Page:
The site of Palombara Marcellina was discovered at the end of the 19th century near the homonymous railway station located about 30 km north-east of Rome. After more than a century the revision of the site and its paleontological content is in progress. Here, we present the Suidae material and an historical background. In 1889, one karst filling deposit, relatively common in the Campagna Romana, attracted the attention of some quarrymen who were working in the area. The circular-shaped opening, filled with a tufaceous layer, resembled an old and abandoned well, pushing the quarrymen to dig in search of water. However, their expectations were not met, and instead of water they find fossils. The “avanzi di giganteschi Cignali” (= remains of giant boars) were the most notable discovery. They were so large-sized that Alessandro Portis (1853-1931), who firstly described the site, referred them to Sus strozzii or Sus falconeri. However, Hans Georg Stehlin (1870-1941) changed this attribution a few years later, during a visiting period to the “Regio Museo Geologico Universitario” in Rome. In fact, he noticed that the cross-section of the lower male canine in this sample was not of the “verrucose type”, but actually “scrofic”. The latter condition of this trait is —as the etymology suggests— distinctive of S. scrofa. After the initial research impetus these remains were almost forgotten and seldom cited in the literature. In 2017 a revision of the fossils started with a field survey promoted to better define the stratigraphy of the site and its age. The tufaceous layer that overlaid the deposit has long been referred to the Late Pleistocene, while its description best fits to a so-called “pisolitic tuff”, a product of the early phases of activity of the Alban Hills and the Sabatini Mounts. This constrains the site to be older than ~560 ka. Relatively complete and well preserved Epivillafranchian-Galerian wild boar specimens are rare in Europe, and hence the revision of the fossils from Palombara Marcellina provide new data for testing the biochronological and paleoenvironmental significance of the species.

The wild boar (Sus scrofa) from Palombara Marcellina, a “new” old Pleistocene site in the Campagna Romana (Latium, Central Italy) / Iannucci, Alessio; Gaeta, Mario; Sardella, Raffaele. - (2019), pp. 19-20. ((Intervento presentato al convegno XIX Edizione delle Giornate di Paleontologia tenutosi a Benevento.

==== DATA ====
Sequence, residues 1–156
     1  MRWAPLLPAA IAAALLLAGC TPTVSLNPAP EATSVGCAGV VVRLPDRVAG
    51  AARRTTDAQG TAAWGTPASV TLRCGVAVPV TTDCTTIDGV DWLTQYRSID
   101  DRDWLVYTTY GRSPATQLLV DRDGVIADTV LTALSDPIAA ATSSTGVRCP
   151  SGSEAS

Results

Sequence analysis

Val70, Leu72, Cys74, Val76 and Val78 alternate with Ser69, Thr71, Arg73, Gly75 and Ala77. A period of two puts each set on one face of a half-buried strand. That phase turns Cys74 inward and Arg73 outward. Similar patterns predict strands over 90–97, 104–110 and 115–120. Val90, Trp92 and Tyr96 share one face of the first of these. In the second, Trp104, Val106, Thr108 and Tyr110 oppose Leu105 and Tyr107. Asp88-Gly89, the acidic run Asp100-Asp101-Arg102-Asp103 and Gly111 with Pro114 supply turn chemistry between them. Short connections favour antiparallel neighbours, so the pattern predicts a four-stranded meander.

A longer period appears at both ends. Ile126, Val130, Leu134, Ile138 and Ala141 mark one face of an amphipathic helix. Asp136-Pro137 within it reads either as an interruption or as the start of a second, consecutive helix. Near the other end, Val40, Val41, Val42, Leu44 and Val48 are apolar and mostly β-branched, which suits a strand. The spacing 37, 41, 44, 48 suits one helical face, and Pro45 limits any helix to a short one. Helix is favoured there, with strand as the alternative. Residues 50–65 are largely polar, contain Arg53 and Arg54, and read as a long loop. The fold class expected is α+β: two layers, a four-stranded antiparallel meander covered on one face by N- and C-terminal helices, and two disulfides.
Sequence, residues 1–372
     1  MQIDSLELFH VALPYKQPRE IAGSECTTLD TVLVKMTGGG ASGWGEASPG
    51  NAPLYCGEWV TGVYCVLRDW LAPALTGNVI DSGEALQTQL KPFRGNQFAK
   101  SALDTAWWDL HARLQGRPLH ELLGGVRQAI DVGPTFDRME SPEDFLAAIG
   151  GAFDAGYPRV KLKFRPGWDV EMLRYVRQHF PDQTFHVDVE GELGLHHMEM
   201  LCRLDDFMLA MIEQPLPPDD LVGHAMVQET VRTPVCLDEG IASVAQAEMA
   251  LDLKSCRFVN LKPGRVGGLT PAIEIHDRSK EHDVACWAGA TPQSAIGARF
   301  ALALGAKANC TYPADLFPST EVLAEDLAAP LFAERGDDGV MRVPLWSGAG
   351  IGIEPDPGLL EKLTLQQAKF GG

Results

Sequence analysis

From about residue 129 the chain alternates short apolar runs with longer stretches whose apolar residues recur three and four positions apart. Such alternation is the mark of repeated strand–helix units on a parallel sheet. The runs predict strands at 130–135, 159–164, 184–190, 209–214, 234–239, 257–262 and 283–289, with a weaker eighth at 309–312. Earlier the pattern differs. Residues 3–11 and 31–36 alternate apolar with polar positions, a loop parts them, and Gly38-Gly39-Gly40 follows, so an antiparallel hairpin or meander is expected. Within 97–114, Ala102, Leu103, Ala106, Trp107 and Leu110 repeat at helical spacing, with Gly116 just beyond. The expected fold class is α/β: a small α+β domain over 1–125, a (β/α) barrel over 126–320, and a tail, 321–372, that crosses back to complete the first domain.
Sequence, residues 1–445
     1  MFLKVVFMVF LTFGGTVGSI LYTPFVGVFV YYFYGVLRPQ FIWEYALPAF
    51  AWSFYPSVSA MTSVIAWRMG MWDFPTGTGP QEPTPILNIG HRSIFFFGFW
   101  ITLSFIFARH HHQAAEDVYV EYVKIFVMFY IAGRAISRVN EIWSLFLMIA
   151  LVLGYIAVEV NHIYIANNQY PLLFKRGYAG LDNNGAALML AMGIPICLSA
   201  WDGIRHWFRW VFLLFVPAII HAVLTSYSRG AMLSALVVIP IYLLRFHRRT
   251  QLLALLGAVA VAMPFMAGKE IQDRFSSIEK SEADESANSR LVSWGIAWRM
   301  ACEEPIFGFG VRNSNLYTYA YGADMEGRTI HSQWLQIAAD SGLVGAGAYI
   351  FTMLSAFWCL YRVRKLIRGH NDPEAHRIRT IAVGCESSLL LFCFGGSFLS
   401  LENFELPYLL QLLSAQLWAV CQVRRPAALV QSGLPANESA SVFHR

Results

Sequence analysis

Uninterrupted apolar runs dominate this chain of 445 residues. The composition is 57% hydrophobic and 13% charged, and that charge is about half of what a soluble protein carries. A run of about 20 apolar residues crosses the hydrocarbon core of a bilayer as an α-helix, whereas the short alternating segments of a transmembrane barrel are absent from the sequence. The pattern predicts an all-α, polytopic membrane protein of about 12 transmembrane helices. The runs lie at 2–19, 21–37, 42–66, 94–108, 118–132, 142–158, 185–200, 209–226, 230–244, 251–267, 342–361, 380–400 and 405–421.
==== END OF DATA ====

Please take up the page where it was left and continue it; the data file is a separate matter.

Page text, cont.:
The wild boar (Sus scrofa) from Palombara Marcellina, a “new” old Pleistocene site in the Campagna Romana (Latium, Central Italy)

IANNUCCI, ALESSIO
;
Mario Gaeta;Raffaele Sardella
2019

Abstract

The site of Palombara Marcellina was discovered at the end of the 19th century near the homonymous railway station located about 30 km north-east of Rome. After more than a century the revision of the site and its paleontological content is in progress. Here, we present the Suidae material and an historical background. In 1889, one karst filling deposit, relatively common in the Campagna Romana, attracted the attention of some quarrymen who were working in the area. The circular-shaped opening, filled with a tufaceous layer, resembled an old and abandoned well, pushing the quarrymen to dig in search of water. However, their expectations were not met, and instead of water they find fossils. The “avanzi di giganteschi Cignali” (= remains of giant boars) were the most notable discovery. They were so large-sized that Alessandro Portis (1853-1931), who firstly described the site, referred them to Sus strozzii or Sus falconeri. However, Hans Georg Stehlin (1870-1941) changed this attribution a few years later, during a visiting period to the “Regio Museo Geologico Universitario” in Rome. In fact, he noticed that the cross-section of the lower male canine in this sample was not of the “verrucose type”, but actually “scrofic”. The latter condition of this trait is —as the etymology suggests— distinctive of S. scrofa. After the initial research impetus these remains were almost forgotten and seldom cited in the literature. In 2017 a revision of the fossils started with a field survey promoted to better define the stratigraphy of the site and its age. The tufaceous layer that overlaid the deposit has long been referred to the Late Pleistocene, while its description best fits to a so-called “pisolitic tuff”, a product of the early phases of activity of the Alban Hills and the Sabatini Mounts. This constrains the site to be older than ~560 ka. Relatively complete and well preserved Epivillafranchian-Galerian wild boar specimens are rare in Europe, and hence the revision of the fossils from Palombara Marcellina provide new data for testing the biochronological and paleoenvironmental significance of the species.
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Utilizza questo identificativo per citare o creare un link a questo documento: http://hdl.handle.net/11573/1276171
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